The latest quarterly report on social networking by pollsters Ipsos MRBI appears to indicate something of a surge in the proportion of Irish adults who own Twitter accounts, although sadly the research company did not indicate what prompted them to set one up – word-of-mouth from friends and family, perhaps, or the influence of the now ubiquitous programme hashtags that cross our television screens.
The survey of a sample of 1,000 adults, conducted in August, revealed that some 22 per cent had a Twitter account, up from 15 per cent in the May survey.
Indeed, over the last quarter, Twitter account ownership has increased 47 per cent, while some 39 per cent more Irish people succumbed to the rather insistent charms of LinkedIn – some 18 per cent of Irish adults have taken up the invitation to set up a LinkedIn account, compared to 13 per cent in the previous survey.
Both Twitter and LinkedIn still lag the popularity of Facebook, of course – some 56 per cent of adults have a Facebook account, up 3 percentage points since May.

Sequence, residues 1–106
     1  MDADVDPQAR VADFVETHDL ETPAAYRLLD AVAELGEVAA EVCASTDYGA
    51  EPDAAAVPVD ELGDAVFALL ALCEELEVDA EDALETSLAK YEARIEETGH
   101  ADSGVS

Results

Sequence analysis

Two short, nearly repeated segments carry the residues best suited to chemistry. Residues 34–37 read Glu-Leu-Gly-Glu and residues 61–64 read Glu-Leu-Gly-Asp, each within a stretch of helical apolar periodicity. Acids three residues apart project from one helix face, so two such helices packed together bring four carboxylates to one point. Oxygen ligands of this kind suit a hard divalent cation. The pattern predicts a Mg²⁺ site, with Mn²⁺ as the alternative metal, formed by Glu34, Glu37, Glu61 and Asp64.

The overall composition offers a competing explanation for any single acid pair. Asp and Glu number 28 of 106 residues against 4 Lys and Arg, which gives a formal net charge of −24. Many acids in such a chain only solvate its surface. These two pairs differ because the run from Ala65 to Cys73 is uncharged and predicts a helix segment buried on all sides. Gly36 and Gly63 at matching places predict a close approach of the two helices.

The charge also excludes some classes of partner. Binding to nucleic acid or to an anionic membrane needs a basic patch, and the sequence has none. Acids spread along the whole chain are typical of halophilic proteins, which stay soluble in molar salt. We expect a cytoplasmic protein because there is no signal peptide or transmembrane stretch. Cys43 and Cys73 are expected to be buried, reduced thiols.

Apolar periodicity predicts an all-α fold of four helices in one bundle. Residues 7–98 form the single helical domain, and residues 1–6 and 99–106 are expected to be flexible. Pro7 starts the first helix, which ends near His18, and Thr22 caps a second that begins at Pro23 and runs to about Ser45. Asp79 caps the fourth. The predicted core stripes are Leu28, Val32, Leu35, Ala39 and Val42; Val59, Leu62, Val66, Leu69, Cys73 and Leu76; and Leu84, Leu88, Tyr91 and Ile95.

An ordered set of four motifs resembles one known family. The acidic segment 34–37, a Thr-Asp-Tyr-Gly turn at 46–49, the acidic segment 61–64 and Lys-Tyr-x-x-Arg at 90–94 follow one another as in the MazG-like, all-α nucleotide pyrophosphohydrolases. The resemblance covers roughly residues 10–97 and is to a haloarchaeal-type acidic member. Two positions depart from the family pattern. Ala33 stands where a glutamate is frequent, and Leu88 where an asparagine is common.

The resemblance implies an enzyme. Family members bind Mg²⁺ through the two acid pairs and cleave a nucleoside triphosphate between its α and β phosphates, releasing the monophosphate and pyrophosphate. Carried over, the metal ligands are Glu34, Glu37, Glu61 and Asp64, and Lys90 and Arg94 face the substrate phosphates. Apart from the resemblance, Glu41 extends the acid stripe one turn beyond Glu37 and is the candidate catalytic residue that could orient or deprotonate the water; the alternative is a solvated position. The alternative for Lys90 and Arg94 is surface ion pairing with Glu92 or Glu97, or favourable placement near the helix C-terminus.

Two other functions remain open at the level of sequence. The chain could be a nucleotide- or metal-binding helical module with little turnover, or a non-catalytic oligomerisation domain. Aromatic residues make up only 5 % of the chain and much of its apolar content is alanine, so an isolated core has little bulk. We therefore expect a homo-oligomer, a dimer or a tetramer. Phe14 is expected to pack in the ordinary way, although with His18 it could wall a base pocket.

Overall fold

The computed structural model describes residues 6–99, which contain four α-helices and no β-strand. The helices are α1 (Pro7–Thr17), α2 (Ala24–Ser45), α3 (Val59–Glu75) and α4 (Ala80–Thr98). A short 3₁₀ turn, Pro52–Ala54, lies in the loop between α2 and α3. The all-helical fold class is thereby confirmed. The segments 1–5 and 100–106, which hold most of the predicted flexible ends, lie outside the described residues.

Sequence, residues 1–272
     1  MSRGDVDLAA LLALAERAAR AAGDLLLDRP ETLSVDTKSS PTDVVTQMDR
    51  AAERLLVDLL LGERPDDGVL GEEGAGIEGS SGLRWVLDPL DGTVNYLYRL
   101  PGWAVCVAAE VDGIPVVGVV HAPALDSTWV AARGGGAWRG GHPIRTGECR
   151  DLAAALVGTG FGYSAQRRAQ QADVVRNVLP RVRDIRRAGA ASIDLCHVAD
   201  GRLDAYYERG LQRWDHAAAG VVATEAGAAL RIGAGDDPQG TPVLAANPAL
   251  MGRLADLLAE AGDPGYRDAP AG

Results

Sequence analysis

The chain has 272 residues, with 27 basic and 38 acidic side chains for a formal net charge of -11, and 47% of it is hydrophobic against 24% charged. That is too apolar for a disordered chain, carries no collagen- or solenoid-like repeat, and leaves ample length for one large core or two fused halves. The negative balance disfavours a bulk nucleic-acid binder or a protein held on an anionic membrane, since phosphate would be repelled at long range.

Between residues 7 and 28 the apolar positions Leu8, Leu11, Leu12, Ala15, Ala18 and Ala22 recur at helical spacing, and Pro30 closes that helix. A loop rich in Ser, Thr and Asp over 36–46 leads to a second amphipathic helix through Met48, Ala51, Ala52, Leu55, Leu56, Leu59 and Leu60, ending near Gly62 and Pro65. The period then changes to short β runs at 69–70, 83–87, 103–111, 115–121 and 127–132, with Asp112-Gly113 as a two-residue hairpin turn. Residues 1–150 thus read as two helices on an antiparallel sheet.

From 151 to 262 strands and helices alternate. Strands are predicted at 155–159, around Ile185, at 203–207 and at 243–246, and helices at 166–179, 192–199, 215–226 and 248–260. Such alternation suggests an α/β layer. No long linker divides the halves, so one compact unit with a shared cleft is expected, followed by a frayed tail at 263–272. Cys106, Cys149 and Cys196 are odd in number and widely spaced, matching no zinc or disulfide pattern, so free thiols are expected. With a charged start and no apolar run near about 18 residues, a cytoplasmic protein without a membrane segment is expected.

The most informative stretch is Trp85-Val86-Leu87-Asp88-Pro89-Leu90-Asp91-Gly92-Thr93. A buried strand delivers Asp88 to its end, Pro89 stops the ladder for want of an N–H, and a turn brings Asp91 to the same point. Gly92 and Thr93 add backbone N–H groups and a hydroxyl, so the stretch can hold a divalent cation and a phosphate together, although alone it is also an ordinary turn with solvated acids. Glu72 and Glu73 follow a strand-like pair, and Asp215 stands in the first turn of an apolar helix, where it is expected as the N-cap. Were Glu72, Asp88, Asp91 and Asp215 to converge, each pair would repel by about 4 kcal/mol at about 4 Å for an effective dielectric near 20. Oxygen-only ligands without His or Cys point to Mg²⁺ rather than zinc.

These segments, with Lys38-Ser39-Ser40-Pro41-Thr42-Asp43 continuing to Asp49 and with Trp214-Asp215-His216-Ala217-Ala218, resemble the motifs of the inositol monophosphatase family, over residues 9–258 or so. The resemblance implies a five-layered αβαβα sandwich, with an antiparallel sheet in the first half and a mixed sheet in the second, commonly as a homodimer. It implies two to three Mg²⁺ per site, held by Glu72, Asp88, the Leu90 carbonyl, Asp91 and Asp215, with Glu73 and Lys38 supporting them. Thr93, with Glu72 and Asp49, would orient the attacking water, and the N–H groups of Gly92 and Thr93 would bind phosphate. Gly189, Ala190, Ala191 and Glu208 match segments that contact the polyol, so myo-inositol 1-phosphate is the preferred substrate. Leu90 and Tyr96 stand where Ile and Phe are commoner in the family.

Facebook is still growing.
Of course, there is always the possibility that new Twitter users are joining out of a curiosity that won’t be sustained, or merely because they use another product – such as a casual gaming app or a news site commenting function – that requires a social media login. They may not consider themselves full-time Twitterati, in other words.
Yet, such interest suggests that for companies – particularly small consumer- facing businesses that can’t afford a large marketing budget – a presence on Twitter is becoming more essential with each passing quarter.
Job hunters, or future job hunters, in what can be loosely termed as the “smart economy” sector, are also finding that a LinkedIn profile effectively serves as the modern-day business card.
The same principle applies in both cases – if you’re not on it, you don’t really exist.
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Irish & Life pensions conference will hear from the Secretary General of the Department of Finance, John Moran, as the Government considers major changes to Ireland’s pension regime.